The term beneficence refers to actions that promote the well being of others. In the medical context, this means taking actions that serve the best interests of patients. However, uncertainty surrounds the precise definition of which practices do in fact help patients. James Childress and Tom Beauchamp in Principle of Biomedical Ethics (1978) identify beneficence as one of the core values of healthcare ethics. Some scholars, such as Edmund Pellegrino, argue that beneficence is the only fundamental principle of medical ethics. They argue that healing should be the sole purpose of medicine, and that endeavors like cosmetic surgery, contraception and euthanasia fall beyond its purview.
The concept of non-maleficence is embodied by the phrase, “first, do no harm,” or the Latin, primum non nocere. Many consider that should be the main or primary consideration (hence primum): that it is more important not to harm your patient, than to do them good. This is partly because enthusiastic practitioners are prone to using treatments that they believe will do good, without first having evaluated them adequately to ensure they do no (or only acceptable levels of) harm. Much harm has been done to patients as a result, as in the saying, “The treatment was a success, but the patient died.” It is not only more important to do no harm than to do good; it is also important to know how likely it is that your treatment will harm a patient. So for example, a physician should go further than not prescribing medications they know to be harmful – he or she should not prescribe medications (or otherwise treat the patient) unless s/he knows that the treatment is unlikely to be harmful; or at the very least, that patient understands the risks and benefits, and that the likely benefits outweigh the likely risks. In practice, however, many treatments carry some risk of harm. In some circumstances, e.g. in desperate situations where the outcome without treatment will be grave, risky treatments that stand a high chance of harming the patient will be justified, as the risk of not treating is also very likely to do harm. So the principle of non-maleficence is not absolute, and balances against the principle of beneficence (doing good), as the effects of the two principles together often give rise to a double effect (further described in next section). Depending on the cultural consensus conditioning (expressed by its religious, political and legal social system) the legal definition of non-maleficence differs. Violation of non maleficence is the subject of medical malpractice litigation. Regulations therefore differ over time, per nation.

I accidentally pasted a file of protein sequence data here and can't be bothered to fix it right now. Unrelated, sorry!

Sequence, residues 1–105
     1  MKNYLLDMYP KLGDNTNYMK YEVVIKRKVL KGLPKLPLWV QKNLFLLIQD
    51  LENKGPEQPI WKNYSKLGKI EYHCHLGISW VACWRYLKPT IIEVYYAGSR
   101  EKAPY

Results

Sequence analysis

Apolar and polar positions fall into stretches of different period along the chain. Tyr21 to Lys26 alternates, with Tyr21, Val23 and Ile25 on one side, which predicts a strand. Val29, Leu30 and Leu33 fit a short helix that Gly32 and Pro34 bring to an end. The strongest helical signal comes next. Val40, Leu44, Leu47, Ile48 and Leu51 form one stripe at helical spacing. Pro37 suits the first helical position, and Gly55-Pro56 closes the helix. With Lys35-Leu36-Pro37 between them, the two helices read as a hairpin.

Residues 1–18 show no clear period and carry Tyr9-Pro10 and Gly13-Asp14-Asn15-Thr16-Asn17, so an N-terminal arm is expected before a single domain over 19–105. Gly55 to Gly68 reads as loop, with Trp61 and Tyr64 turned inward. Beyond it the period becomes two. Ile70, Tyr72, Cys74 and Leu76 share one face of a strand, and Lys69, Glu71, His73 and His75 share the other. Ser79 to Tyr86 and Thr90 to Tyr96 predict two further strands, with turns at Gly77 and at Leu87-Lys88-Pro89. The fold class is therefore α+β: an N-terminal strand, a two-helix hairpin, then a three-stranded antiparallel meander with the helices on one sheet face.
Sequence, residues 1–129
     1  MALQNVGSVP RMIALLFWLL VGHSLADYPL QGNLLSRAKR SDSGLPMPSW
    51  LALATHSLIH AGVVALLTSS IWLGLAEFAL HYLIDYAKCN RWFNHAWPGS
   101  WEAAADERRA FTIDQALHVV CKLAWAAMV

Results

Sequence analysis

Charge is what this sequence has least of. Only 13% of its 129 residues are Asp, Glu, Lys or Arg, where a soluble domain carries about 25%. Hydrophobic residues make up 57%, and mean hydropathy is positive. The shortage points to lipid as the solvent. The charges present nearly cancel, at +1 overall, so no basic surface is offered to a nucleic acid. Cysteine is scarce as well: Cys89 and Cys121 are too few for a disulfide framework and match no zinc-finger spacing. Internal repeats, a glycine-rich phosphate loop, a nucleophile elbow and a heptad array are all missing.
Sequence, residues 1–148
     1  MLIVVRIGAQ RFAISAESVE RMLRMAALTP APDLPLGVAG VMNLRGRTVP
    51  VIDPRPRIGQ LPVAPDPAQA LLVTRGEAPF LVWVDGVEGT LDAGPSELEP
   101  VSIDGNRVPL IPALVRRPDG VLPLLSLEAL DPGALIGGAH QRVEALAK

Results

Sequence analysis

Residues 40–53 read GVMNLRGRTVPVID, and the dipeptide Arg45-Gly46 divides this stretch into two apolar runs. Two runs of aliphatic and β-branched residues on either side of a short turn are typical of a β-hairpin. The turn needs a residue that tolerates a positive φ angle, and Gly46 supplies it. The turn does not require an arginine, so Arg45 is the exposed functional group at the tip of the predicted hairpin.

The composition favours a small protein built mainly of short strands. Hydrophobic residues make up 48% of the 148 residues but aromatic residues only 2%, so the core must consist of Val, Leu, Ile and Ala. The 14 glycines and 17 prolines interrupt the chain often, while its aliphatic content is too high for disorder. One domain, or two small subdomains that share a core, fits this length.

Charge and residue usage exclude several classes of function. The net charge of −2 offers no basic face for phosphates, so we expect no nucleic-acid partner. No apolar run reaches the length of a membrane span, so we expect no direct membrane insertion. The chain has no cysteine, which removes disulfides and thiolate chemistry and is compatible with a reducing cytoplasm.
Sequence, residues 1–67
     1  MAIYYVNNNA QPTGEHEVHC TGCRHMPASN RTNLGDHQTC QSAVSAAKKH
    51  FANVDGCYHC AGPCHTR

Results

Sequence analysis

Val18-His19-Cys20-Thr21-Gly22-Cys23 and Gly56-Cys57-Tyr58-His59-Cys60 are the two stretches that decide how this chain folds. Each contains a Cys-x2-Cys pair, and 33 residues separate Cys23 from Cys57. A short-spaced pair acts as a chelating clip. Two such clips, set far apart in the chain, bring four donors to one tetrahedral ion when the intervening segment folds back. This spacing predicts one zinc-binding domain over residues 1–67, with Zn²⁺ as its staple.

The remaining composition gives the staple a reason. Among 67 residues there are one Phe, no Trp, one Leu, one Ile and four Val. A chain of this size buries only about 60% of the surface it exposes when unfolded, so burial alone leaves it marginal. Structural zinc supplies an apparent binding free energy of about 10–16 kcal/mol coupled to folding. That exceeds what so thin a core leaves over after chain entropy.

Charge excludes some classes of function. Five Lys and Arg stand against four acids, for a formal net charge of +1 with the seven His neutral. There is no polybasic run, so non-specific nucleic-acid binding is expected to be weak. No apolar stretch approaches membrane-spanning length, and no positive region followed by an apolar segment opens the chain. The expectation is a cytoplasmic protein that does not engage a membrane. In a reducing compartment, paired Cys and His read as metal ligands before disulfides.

Double effect refers to two types of consequences which may be produced by a single action, and in medical ethics it is usually regarded as the combined effect of beneficence and non-maleficence. A commonly cited example of this phenomenon is the use of morphine or other analgesic in the dying patient. Such use of morphine can have the beneficial effect of easing the pain and suffering of the patient, while simultaneously having the maleficent effect of hastening the death of the patient through suppression of the respiratory system. Conflicts between autonomy and beneficence and non-maleficence Autonomy can come into conflict with beneficence when patients disagree with recommendations that health care professionals believe are in the patient’s best interest. When the patient’s interests conflict with the patient’s welfare, different societies settle the conflict in a wide range of manners. Western medicine generally defers to the wishes of a mentally competent patient to make his own decisions, even in cases where the medical team believes that he is not acting in his own best interests. However, many other societies prioritize beneficence over autonomy. Examples include when a patient does not want a treatment because of, for example, religious or cultural views. In the case of euthanasia, the patient, or relatives of a patient, may want to end the life of the patient. Also, the patient may want an unnecessary treatment, as can be the case in hypochondria or with cosmetic surgery; here, the practitioner may be required to balance the desires of the patient for medically unnecessary potential risks against the patient’s informed autonomy in the issue. A doctor may want to prefer autonomy because refusal to please the patient’s will would harm the doctor-patient relationship. An individual’s capacity for informed decision making may come into question during resolution of conflicts between autonomy and beneficence. The role of surrogate medical decision makers is an extension of the principle of autonomy. Autonomy and non-maleficence may also overlap. For example, a breach of patients’ autonomy may cause a decrease in confidence for medical services in the population and subsequently the population might be less willingness to seek medical help. The principles of conflict between autonomy and beneficence or non-maleficence may also be expanded to include effects on the relatives of patients or even the medical practitioners, the overall population and economic issues when making medical decisions.